Tag Archives | best business schools in the world

Apply Now or Later? Business School Age Range

“When should I apply?”  “Am I too old to apply to business school?” Those are often the first things students ask when planning their MBA application process.  The highly personal answer depends on both strategic and tactical considerations.

The Decision is Part of Your Career Strategy

 

The “when” question is strategic because an MBA application requires asking yourself big questions about your career and where you want to go next. Often these decisions depend on the experience you already have. If you are looking at full-time programs, that means you have to figure out whether you have enough experience to convince an admissions committee that this is the right time to leave your current job and take on the hard-core leadership and managerial training to set you up for the next phase.  Remember, the admissions committee is trying to determine your value added to your future stakeholders: classmates, faculty, and alumni.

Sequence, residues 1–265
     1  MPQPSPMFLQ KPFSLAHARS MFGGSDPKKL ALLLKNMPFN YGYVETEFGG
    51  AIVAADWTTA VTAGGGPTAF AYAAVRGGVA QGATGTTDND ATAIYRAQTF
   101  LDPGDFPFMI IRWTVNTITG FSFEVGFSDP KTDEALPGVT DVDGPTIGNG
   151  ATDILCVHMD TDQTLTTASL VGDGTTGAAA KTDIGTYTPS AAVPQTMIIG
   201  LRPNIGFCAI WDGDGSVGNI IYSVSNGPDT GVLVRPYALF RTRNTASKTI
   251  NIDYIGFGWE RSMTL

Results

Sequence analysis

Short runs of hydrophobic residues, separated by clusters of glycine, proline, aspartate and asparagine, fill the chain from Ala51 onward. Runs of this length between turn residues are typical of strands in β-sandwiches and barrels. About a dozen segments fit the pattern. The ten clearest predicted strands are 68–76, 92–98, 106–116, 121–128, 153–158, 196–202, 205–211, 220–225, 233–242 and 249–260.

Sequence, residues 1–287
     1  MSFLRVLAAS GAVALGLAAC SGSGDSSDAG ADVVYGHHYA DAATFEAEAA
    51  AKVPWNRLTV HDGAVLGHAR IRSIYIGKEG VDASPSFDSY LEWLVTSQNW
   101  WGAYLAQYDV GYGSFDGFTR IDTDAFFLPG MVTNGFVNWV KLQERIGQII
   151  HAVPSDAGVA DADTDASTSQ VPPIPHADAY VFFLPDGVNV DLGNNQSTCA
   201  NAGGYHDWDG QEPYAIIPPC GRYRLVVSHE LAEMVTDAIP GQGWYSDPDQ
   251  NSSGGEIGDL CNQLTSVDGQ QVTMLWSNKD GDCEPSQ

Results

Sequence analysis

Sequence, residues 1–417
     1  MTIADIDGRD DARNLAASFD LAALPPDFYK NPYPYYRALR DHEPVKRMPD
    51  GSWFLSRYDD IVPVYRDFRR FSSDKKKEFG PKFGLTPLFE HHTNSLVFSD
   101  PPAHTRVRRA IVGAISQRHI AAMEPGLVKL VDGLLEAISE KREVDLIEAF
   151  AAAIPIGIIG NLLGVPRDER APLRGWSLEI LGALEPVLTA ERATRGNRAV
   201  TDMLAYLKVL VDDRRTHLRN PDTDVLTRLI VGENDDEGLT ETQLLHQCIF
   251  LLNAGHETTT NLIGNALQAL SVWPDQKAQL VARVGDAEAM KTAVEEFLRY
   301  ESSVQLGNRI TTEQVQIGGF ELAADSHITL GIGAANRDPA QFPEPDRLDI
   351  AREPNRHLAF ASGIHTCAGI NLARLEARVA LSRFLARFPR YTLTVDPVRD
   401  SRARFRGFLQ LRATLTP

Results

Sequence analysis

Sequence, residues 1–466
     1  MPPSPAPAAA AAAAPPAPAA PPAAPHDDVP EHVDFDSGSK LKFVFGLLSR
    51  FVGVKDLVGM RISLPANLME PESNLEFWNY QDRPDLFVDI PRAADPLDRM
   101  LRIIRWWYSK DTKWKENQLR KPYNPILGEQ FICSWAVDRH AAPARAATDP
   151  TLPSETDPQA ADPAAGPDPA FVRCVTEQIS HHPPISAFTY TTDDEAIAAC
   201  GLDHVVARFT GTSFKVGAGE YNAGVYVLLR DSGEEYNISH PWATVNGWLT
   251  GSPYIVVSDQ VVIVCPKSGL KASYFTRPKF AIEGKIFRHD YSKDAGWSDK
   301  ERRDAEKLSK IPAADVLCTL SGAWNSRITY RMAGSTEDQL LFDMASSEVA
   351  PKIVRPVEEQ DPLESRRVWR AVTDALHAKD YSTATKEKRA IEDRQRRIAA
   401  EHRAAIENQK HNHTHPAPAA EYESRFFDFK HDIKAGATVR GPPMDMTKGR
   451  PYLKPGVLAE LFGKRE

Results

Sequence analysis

But I Hate My Job!

That’s among the worst reasons to apply to business school. It’s really better to apply from a position of strength. Sometimes you just need one more year to gain more work autonomy, or you might want to switch functions to round out your experience, or even push yourself in a completely different direction. If you are not sure now is the time , then you are probably not ready.

Is there a target number of years? Not exactly. Most schools publish their average age and years of experience on the class profile page.

HBS histogram

HBS range of years of experience

You’ll see that over the past 10 years, Harvard Business School’s students matriculated with a range of 41-54 months of full time experience.  And there’s a standard deviation of a about year  around that, giving you a plenty to work with.